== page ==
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China Gains 3,000 Years of Nuclear Power, but What is Nuke Fuel Reprocessing?


The U.N. is gently pooh-poohing the news that China can now reprocess its own nuclear fuel, earning it a potential 3,000 year future of own-brand nuclear power. But exactly what is nuclear fuel reprocessing, and how does it benefit China?

Earlier in Jaunary, China's National Nuclear Corporation told the world that China had achieved something of a "breakthrough" in its nuclear program: It now had developed a fuel reprocessing technology so that it could extract useful bi-products from "spent" nuclear fuel. This gave China a massive extension to its future of nuclear power exploitation—it had been limited to between 50 and 70 years given the stores of uranium that China has naturally, but with reprocessing China could rely on its own resources for 3,000 years.

The U.N. International Atomic Energy Agency's Nuclear Fuel has spoken out on the matter via the head of its Nuclear Fuel Cycle and Materials division—Gary Dyck. Using careful words, Dyck spoke to the press and noted that it's not quite as big news as you may think, despite the fact it puts China into a "fairly exclusive group." Dyck noted that China had been careful not to reveal its technology, it was probably based on the same aqueous recycling tech already used in nations like France. It could immediately improve the fuel use efficiency of light water reactors by 15%, and then a factor of 60 if it were combined with Fast Breeder reactors.

Nuclear power stations mainly rely on uranium as their fuel—it's packed into rods, and when these are slid into a reactor core in enough numbers (to achieve close to that famous "critical mass" figure) then reactions between the radioactive uranium atoms in all the fuel rods generate massive amounts of heat. This heat is extracted somehow (perhaps by pressurized water) and then used to power turbines to generate electricity. In the process some of the uranium in each cell is used up, and turned into a variety of "daughter" elements in the process of nuclear fission. When enough of the fuel has been converted, the rods are increasingly useless as they're not good for achieving the kind of fuel density needed to sustain a nuclear chain reaction, even though there's plenty of "good" uranium left in them. 

Hence the need for fuel "reprocessing." Initially the chemical tricks needed to extract useful fuel from the messy elemental goop inside nuclear fuel were used to gather plutonium for the early nuclear weapons program, but were expanded in time to include extraction of uranium and other elements to create new, viable fuel rods which can then go back into reactors. The trick of using fast breeder nuclear reactors was then invented, in which a conventional nuclear power station core is supplemented with cores of natural non-fissile (i.e. not "fuel) uranium-238. This uranium grabs neutrons pouring out of the good fuel cells, and converts into plutonium-239, which is a useful fuel...and the power station also puts out extra heat for generating electricity itself.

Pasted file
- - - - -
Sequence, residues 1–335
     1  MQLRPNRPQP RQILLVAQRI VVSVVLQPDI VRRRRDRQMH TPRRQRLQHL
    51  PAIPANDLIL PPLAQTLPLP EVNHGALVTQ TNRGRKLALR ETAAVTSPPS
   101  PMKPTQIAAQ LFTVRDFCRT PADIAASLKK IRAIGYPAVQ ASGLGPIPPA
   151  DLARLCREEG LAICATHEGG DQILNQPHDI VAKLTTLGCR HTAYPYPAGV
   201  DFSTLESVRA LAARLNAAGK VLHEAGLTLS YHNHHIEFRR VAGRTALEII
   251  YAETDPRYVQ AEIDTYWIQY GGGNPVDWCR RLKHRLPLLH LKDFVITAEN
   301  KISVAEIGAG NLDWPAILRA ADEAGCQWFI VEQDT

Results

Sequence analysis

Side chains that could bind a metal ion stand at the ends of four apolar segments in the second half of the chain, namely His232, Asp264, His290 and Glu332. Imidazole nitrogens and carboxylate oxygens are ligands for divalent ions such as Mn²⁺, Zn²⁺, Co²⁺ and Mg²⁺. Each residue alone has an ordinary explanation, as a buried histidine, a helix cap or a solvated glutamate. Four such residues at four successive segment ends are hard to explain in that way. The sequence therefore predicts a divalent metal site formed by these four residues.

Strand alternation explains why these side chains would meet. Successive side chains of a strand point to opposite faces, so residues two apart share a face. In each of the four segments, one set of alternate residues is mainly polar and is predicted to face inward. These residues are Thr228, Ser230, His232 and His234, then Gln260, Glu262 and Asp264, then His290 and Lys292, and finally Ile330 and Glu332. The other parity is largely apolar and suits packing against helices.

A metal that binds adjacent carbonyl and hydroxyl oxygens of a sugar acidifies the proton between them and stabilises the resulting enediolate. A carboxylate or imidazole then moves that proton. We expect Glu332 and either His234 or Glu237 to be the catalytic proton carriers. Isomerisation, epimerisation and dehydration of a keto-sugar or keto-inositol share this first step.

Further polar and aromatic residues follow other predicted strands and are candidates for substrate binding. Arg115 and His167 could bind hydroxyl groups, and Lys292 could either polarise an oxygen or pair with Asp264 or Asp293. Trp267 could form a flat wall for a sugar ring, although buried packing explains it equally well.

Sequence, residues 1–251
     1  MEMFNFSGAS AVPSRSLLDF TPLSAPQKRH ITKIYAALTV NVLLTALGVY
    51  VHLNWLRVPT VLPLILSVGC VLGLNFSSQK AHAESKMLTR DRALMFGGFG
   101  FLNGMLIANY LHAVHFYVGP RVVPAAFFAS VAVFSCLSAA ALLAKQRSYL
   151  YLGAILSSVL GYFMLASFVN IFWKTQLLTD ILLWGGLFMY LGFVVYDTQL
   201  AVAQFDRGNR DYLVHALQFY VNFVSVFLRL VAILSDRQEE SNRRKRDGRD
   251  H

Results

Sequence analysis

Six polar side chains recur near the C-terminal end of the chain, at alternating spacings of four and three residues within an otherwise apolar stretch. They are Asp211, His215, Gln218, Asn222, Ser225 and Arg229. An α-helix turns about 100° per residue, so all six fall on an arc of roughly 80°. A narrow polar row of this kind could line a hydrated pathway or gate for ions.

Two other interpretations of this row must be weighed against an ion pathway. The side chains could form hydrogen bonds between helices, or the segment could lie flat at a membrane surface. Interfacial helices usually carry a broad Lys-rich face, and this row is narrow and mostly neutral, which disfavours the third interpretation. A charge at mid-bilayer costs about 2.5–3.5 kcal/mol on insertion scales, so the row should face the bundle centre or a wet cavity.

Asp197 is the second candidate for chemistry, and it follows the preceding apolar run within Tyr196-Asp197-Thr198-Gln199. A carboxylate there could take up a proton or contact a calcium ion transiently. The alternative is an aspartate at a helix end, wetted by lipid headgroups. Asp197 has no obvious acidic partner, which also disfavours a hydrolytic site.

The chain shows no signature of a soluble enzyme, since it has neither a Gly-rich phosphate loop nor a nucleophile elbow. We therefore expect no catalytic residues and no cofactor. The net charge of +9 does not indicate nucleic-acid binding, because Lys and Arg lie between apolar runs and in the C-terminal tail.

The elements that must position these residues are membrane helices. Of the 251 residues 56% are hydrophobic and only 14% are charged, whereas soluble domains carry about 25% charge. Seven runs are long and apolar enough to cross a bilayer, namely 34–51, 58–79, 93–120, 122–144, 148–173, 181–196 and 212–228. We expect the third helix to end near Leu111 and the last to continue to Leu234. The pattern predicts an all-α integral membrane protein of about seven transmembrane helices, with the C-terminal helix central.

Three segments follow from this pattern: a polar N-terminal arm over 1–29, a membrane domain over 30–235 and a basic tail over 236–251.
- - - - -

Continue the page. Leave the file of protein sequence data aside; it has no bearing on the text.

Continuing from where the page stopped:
So what China's done, albeit on an experimental scale, is bought itself a very long future of independent nuclear power, just as the U.K., France, the U.S. and a handful of other nuclear nations have done. The U.N. has felt the need to play down the significance of this. This is no doubt partly to quell fears about what China may then choose to do to the rest of the world, given its new-found energy independence—which could upset the balance of global power production, and lead to increased innovation inside Chinese manufacturing plants (which are already the engines of the world, when it comes to much consumer electronics). It's also good news, in some senses, for the environment: Nuclear power doesn't contribute to global warming in the same way as carbon-fuel power stations do. There are a million other problems that environmentalists will worry about, but the innovation is still interesting. Add in the news that U.S. and Israeli facilities may have been instrumental in developing and testing the stuxnet virus that, by all reports, badly savaged Iran's ability to process any kind of nuclear material at all, and you realize that nuclear power is not going away, or going to disappear from the news headlines any time soon. 

To read more news on this, and similar stuff, keep up with my updates by following me, Kit Eaton, on Twitter.